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CDC Says Mental Health Disorders Pose High Risk for COVID-19

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Key Takeaways

  • The CDC updated its list of high-risk conditions for COVID-19 to include certain mental health disorders, like schizophrenia and depression.
  • Experts say that social factors and physical manifestations of mental disorders contribute to an increased risk of COVID-19.
  • Unfortunately, uncertainties from the pandemic have also increased risk of mental health issues, too.

The Centers for Disease Control and Prevention (CDC) recently added certain mental health disorders to its list of medical conditions that put people at high risk for severe COVID-19.

The list, updated on October 14, now includes schizophrenia spectrum disorders and mood disorders like depression. The addition means that millions of Americans can qualify for a COVID-19 booster based on their mental health diagnosis.

In 2019, an estimated 19.4 million U.S. adults had at least one major depressive episode, according to the National Institute of Mental Health. Schizophrenia is less common than other mental disorders, but still affects about 20 million people worldwide, according to the World Health Organization. Studies suggest that schizophrenia and bipolar disorders present the highest risk of COVID-19 mortality among other mental disorders.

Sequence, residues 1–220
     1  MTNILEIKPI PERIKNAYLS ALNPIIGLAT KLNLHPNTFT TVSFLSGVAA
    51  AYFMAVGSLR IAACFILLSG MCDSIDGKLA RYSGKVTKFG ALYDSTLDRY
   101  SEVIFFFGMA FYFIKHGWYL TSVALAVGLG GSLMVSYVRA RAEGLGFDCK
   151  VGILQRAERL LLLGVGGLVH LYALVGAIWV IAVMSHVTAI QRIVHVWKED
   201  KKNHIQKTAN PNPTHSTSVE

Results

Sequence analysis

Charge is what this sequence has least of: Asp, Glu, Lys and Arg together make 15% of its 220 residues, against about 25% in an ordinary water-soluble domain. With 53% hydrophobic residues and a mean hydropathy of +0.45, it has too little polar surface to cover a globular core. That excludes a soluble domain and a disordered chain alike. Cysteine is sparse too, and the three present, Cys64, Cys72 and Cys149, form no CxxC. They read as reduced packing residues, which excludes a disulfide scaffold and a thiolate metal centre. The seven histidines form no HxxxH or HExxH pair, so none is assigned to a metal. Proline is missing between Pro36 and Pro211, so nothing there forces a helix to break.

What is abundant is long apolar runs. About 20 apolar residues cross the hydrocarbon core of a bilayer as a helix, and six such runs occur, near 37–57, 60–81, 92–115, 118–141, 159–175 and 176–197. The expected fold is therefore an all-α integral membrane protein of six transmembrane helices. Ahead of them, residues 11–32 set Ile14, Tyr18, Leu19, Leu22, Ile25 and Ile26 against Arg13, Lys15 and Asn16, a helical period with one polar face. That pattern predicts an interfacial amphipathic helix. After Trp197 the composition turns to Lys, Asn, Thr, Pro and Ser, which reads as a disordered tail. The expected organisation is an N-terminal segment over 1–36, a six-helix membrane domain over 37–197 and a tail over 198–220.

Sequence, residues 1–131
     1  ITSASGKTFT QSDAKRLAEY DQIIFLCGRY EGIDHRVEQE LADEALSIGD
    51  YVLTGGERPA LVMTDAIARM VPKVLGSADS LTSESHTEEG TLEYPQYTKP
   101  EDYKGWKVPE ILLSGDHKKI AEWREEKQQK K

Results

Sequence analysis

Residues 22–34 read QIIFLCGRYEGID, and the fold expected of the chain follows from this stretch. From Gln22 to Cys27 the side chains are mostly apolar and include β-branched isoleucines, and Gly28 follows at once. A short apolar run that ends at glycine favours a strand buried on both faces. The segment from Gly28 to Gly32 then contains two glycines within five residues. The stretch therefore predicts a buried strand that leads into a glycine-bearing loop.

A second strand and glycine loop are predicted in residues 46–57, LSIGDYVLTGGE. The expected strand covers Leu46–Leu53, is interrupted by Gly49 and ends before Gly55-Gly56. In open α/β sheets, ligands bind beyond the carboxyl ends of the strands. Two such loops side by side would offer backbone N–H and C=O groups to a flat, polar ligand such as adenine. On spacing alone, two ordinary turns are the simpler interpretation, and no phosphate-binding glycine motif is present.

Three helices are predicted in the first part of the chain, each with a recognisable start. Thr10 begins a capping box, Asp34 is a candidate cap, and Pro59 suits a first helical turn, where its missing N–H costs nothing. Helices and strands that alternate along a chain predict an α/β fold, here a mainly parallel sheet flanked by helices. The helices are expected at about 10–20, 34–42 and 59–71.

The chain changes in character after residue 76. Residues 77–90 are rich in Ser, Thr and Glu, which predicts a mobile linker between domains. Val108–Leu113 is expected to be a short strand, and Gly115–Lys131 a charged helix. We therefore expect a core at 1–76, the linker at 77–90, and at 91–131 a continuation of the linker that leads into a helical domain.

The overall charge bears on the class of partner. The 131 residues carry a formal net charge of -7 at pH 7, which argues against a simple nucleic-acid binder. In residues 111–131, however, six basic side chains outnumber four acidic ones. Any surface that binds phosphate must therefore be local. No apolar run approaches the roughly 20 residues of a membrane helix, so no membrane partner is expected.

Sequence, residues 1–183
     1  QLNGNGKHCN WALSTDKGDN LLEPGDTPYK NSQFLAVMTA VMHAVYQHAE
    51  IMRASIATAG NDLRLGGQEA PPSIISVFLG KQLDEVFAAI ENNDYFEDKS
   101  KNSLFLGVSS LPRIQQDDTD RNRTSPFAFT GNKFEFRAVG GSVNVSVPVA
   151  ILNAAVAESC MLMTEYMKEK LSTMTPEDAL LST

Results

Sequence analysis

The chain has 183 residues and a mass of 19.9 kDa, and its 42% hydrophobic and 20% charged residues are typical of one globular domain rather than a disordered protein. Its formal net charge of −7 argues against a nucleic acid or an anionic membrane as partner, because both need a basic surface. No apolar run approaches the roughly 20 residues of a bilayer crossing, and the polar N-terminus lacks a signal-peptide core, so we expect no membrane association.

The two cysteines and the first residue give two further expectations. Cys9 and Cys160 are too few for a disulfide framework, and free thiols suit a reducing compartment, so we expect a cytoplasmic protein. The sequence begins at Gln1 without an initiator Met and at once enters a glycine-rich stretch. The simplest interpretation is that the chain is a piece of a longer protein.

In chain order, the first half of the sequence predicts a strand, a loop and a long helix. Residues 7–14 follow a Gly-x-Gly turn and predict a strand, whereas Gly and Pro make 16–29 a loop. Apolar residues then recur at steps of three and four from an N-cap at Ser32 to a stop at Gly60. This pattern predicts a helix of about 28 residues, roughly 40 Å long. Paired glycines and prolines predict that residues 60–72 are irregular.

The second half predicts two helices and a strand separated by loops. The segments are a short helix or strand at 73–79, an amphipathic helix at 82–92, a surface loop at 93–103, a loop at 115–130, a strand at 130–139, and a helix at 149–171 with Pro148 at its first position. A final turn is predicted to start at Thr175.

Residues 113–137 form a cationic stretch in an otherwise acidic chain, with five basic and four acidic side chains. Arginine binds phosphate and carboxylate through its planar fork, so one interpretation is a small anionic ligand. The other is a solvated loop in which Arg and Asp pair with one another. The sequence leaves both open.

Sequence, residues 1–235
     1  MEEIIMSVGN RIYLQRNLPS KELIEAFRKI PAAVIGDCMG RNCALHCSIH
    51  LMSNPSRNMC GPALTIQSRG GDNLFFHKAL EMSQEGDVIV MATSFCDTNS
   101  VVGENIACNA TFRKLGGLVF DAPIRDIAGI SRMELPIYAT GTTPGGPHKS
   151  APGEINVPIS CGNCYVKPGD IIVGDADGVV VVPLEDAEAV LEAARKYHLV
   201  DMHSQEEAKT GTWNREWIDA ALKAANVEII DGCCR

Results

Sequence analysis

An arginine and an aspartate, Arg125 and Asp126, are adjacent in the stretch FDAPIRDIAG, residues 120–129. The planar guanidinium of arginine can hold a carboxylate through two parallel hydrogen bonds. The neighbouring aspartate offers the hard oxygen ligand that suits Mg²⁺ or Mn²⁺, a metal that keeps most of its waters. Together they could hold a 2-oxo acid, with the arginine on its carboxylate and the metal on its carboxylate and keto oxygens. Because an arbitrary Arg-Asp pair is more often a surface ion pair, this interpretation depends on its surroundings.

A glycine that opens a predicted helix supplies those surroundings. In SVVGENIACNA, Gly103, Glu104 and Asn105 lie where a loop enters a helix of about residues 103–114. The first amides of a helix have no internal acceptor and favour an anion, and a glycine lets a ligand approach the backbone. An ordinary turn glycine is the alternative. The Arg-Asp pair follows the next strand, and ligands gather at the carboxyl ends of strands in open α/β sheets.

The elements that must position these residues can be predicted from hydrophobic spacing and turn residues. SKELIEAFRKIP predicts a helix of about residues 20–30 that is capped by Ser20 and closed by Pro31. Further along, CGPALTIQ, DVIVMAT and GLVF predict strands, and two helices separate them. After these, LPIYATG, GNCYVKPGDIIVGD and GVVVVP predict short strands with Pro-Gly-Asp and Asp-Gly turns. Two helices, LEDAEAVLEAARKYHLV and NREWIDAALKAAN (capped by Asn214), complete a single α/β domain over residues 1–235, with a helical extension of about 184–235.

Lockdowns and social distancing have taken a toll on people's mental health. But new research shows that people with mental health disorders are also at higher risk of contracting COVID-19.

“It’s not just a one-way action. A mental disorder increases risk for COVID-19,” Rong Xu, PhD, director of the center for AI in drug discovery at Case Western Reserve University’s School of Medicine, tells Verywell. “COVID-19, or the pandemic, can also increase the risk of mental disorders.”

In a study co-authored by Xu, researchers found that 18% of COVID-19 patients experienced depression in their lifetime and 9.7% had a recent depression diagnosis. Less than 1% of the patients had a lifetime or recent diagnosis of schizophrenia.

This study relied on electronic health records and offered insights on the association between mental health conditions and higher risk of COVID-19. But researchers were unable to confirm direct causality.

Social and Biological Connections Between COVID-19 and Mental Health

Different mental disorders may affect the risk of contracting COVID-19 in various ways. 

People with depression may experience a lack of motivation and neglect to partake in preventative measures against COVID-19 or seek treatment when necessary, according to the study. Those struggling with schizophrenia may experience delusional thinking that might lead them to oppose wearing a face mask.